Samsung Galaxy Tab S7 FE review: Camera
The Galaxy Tab S7 FE has a very simple camera array on board, with just a sole 8MP rear sensor and a front-facing 5MP selfie camera.
You probably don't need a full-on quad-camera array on a tablet just yet, but for a company like Samsung that makes some of the very best camera phones money can buy, the Galaxy Tab S7 FE can't help but feel a little undercooked in this regard.
Samsung does its best to hide the technical limitations of the tablet by offering wide and zoomed mode options within the camera app, as well as Samsung's multi-shot "single take" feature, but this is 100% AI-based rather than any kind of sensor switching. It simply doesn't have the sensors to manage that kind of usage.
Zoom, which is 100% digital in every way, is capped at 4x zoom, which isn't spectacular. It does at least stop you from pushing the limited onboard sensors all that far. In every case, you'd be better off with taking a standard photo and cropping in via your app of choice.
Combine that with a size that makes using it for straight photography and you're talking a recipe for mediocrity.
If you absolutely had to capture that once-in-a-lifetime shot of the Loch Ness monster and the Galaxy Tab S7 FE was the only device you had to hand, then go for it. Don't be surprised if people doubt your claims to have met Nessie based on what you can show them, however.
It's much the same story at the front for selfie shots, although here at least there's another use case for a tablet this large, and that's video conferencing calls via your Android-supported platform of choice. Here the larger display and AKG speakers make a lot more sense, even if your images from that front-facing 5MP camera aren't going to be that exciting.
Galaxy Tab S7 FE sample photos:
Samsung Galaxy Tab S7 FE review: Performance
The Galaxy Tab S7 FE's pricing comes in at a considerable cut against the competition – devices like the Surface Pro 8 or iPad Pro 12.9 – and while some of that can be notched up to the lesser display, the other way that Samsung has kept costs low is with its choice of processors and memory.
The Galaxy Tab S7 FE model tested runs on a Qualcomm Snapdragon 778G with 6GB of RAM. Qualcomm's 700 series processors are capable enough when they're running smartphones, but they're not the best the company can do. And when you put them in a head-to-head battle with the likes of Apple's M1 silicon or even Intel's higher-end CPUs they're never going to compare particularly well. Again, that's a story of balancing cost against performance. If you want a higher-end Samsung tablet, that's not quite this.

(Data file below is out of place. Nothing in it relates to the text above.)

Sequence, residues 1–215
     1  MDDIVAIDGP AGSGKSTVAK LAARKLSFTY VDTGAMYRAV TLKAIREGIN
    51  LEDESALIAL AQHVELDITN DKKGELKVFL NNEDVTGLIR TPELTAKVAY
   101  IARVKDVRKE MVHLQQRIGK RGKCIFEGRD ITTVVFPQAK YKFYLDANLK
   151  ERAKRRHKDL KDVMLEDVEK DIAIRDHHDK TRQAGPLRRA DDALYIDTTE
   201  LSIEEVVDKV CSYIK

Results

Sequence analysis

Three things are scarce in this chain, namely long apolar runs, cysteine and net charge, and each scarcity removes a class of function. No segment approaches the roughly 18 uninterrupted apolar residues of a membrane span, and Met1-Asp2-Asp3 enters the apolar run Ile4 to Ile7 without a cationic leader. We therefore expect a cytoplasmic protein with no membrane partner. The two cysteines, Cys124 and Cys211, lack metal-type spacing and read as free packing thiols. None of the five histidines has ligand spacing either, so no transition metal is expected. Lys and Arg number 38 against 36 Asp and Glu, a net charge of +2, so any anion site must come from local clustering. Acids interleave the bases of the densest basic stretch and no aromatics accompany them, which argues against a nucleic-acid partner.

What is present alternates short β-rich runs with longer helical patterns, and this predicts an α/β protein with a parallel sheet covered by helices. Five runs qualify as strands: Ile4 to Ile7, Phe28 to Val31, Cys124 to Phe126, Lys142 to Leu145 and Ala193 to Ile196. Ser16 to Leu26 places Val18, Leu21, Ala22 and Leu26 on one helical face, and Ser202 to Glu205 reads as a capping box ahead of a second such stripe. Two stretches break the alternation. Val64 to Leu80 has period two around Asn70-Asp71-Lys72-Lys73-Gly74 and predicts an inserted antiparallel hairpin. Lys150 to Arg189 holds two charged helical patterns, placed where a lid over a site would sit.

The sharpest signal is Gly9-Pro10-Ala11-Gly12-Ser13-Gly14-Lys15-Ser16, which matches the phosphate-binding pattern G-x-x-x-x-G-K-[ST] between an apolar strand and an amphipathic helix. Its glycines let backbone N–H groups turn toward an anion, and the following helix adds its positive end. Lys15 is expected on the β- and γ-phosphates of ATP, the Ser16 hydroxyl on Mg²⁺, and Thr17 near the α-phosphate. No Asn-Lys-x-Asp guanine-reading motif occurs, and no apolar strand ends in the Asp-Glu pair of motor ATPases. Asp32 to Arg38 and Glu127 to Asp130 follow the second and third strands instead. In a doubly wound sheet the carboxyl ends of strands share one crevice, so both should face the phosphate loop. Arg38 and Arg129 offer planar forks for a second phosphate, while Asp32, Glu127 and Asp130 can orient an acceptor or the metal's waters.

At a benchmark level, then, the Galaxy Tab S7 FE doesn't look that fancy. Here's how it compares using Geekbench 5's CPU tests against a range of competing tablets:
The interesting comparison here isn't so much the iPad Pro, which is way more expensive, but the regular Apple iPad, which is cheaper, albeit smaller. If you're after a straight-up media-watching, social media scrolling and light games tablet, it remains the best pick in the market.
Which is not to say that the Galaxy Tab S7 FE doesn't have its charms. That larger display and the AKG speakers do make it rather good for Netflix binges, and of course it can double up as a productivity device for either typing style work or via the included S-Pen if you have stylus needs.
I can't say that I have much in the way of artistic talent, and that's perhaps over-egging it somewhat. You do get access to the usual menu of S-Pen annotation and selection choices, including the PENUP app for in-built drawing purposes.
To give it a red hot go, I decided to see if the S-Pen and Galaxy Tab S7 FE could help me draw my favourite retro gaming character, Bub from Taito's classic Bubble Bobble.
The results were not great, but that's 100% down to my lack of drawing talent and not the S-Pen itself. I could conceivably use it to improve my drawing over time with practice – a LOT of practice in my case.